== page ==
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Tim Kaine and Virginia's Third Rail

Gov. Tim Kaine made it plain in his campaign TV ads: Yes, he's morally opposed to capital punishment, but he did not intend to impose his personal views on Virginia. "I'll enforce the death penalty," he said in his TV spots. "As governor, I'll carry out death sentences handed down by Virginia juries because that's the law."

True to his word, Kaine has allowed four executions to go forward already in his short time in office. And true to his core beliefs, Kaine this week vetoed bills that would have expanded the use of the death penalty in Virginia.

What's remarkable here is not that Kaine is doing what he promised he would do--during the campaign, Kaine told me in an interview that he had no doubts about his ability to carry out the death penalty, but he also said that he had no intention of expanding the death penalty. No, what's quite amazing is that despite all the stereotypes that political consultants cling to about Virginia, this is a governor who was arguably elected because of his opposition to capital punishment--well, not quite because of his position, but more precisely, because of his willingness to be forthright about his position, even in the face of a scurrilous and low set of campaign ads launched by his opponent, Republican Jerry Kilgore, who famously smeared Kaine as something of a Nazi for saying that even Adolf Hitler wouldn't have qualified for the death penalty.

(Actually, that's not what Kaine said. What he actually said in response to a question about whether Hitler, Idi Amin and other evil characters should have been executed was this:

[T]hey may deserve, you, they may deserve it, of course they may for doing something heinous, they don't deserve to live in civilized society, they may deserve the death penalty. You know, I look at the world, most nations have decided not to have a death penalty, and, and many are very safe, I don't think, I don't think it's needed to be safe.)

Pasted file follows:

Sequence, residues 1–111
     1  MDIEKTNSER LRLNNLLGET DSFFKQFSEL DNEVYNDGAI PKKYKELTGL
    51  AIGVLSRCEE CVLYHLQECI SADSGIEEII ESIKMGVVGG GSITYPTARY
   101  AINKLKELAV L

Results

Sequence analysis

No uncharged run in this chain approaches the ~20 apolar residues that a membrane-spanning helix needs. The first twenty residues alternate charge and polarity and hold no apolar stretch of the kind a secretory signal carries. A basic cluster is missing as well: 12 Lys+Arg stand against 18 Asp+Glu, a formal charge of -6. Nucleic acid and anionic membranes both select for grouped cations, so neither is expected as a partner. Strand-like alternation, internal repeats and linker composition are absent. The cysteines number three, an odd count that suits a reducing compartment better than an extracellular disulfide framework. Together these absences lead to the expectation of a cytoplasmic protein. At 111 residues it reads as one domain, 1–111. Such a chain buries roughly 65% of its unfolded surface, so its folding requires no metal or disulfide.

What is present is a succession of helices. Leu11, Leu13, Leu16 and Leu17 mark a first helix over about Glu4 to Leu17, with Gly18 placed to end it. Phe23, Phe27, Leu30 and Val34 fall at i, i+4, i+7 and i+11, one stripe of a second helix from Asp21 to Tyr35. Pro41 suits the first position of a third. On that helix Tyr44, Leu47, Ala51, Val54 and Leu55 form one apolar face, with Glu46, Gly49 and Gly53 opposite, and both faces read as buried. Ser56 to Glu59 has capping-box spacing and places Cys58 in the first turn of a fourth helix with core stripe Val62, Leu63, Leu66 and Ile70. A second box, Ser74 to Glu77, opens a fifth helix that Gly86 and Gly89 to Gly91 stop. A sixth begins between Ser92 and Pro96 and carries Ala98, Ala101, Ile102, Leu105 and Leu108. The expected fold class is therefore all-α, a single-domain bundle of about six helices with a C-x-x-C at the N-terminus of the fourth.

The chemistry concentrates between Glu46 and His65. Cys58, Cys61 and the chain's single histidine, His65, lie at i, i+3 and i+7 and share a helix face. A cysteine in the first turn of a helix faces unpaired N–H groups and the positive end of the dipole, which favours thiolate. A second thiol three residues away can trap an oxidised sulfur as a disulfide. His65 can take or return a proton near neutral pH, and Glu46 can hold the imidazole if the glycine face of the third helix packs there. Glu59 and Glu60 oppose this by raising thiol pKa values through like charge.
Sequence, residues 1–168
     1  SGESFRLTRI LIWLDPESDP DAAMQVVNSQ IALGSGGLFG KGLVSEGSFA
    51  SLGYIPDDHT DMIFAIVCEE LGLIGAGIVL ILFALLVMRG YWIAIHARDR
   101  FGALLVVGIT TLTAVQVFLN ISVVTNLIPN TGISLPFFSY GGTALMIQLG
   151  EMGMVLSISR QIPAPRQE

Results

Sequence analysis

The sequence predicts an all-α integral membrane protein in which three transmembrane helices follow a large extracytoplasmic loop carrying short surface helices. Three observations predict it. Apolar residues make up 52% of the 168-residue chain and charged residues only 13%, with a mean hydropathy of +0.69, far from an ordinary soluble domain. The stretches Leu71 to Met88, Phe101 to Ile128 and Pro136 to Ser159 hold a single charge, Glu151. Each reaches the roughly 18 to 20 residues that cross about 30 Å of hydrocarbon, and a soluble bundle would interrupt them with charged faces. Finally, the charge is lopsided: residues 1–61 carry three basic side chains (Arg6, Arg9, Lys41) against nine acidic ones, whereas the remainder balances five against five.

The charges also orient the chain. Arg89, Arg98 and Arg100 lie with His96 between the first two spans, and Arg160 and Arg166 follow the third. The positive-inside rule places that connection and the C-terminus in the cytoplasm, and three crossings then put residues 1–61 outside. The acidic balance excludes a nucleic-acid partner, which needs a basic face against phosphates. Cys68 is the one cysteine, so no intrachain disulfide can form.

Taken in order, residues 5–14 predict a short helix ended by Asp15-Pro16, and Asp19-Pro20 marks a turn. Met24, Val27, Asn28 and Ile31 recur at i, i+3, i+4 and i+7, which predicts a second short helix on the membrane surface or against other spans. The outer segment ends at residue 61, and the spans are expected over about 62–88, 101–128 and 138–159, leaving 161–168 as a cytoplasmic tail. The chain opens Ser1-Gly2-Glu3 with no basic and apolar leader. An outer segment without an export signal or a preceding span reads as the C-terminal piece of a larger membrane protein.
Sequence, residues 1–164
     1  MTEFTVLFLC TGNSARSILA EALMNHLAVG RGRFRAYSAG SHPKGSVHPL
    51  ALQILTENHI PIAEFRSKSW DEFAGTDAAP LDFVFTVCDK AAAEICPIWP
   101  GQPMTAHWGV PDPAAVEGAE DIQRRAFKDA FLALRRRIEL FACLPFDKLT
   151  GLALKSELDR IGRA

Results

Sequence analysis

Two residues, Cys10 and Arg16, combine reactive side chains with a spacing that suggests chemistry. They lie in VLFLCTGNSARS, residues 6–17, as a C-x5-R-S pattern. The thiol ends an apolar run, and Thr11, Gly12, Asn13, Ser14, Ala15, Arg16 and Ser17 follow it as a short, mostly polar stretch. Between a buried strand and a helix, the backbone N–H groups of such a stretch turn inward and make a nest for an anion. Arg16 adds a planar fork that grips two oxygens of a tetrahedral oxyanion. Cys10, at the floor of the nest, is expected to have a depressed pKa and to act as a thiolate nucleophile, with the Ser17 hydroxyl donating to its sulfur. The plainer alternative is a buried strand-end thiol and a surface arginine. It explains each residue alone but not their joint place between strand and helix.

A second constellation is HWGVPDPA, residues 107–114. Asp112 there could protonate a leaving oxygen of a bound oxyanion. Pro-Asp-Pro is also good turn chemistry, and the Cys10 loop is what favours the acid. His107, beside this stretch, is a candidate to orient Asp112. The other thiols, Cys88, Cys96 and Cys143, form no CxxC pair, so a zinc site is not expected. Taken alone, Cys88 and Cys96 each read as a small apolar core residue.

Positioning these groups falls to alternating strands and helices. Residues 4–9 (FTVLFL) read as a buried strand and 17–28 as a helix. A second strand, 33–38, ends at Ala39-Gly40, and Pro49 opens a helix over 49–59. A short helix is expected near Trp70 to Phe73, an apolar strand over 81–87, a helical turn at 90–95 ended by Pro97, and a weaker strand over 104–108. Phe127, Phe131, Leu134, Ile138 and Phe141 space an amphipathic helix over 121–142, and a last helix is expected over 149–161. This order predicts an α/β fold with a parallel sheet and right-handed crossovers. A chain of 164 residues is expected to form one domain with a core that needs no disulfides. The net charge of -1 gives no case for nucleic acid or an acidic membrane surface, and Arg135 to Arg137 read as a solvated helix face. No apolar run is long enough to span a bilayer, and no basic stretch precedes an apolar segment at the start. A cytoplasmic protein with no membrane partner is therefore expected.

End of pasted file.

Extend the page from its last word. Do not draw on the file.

Anyway, the point is that Kaine may have won election in good part because Kilgore went way too far on that Hitler ad, and Kaine refused to crawl into the gutter with his opponent, trusting that Virginians would accept him as a man of his word--he opposes the death penalty, but would enforce the state's law. And obviously, a man with such a position could not reasonably be expected to sign bills that would expand the death penalty.

And that's the other amazing bit in this series of vetoes that Kaine announced this week: He did so with little expectation that standing up against the death penalty would cause him any political harm. In fact, the reaction across the state has been mild bordering on ho-hum. Once again, the people are well ahead of the politicians on this issue. As in Maryland, where legislators this session failed to accept Gov. Martin O'Malley's invitation to put a halt to the state's executions, Virginia pols don't see that popular support for capital punishment is in freefall. Sure, most people still philosophically support the death penalty, but given the cavalcade of bad news about botched executions, doctors who won't sanction the use of lethal injections, misidentified killers and DNA exonerations, it's become clear that the death penalty process is fatally flawed, and many Americans no longer want the blood of a tainted process on their hands.

Should Kaine have gone all the way and said that he would not enforce Virginia's law? During the campaign, I pressed him on this point: If you're really philosophically opposed to the practice, how can you sign a death warrant? He split some hairs and stood by his lawyerly allegiance to the statutes. Well, ok, but doesn't he at least have an obligation to do as O'Malley has and stand up for a moratorium or other effort to halt Virginia's executions?
That's the next step--it's probably a political bridge too far for a Democrat in Virginia right now, but it would be the right thing for Kaine to do.

By Marc Fisher |  March 29, 2007; 8:15 AM ET
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Comments

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Marc, I think what you're getting at is the difference between political discourse and normal discourse. In a rational setting, you can say that while there are some crimes for which no punishment is severe enough, it is not a civilized government's place to kill people. But on the campaign trail, it turns into a competition to see who's tougher, who can protect us from all the bad people (at home and abroad).

Posted by: Arlington, VA | March 29, 2007 9:55 AM

Kaine gets a pass from the people because when he says he has deeply held religious, sorry, Christian beliefs on the subject, there are a lot of conservative voters in Virginia who say "hey, you've got to respect deeply held Christian beliefs." He's not purely pro-killer like a lot of death penalty opponents.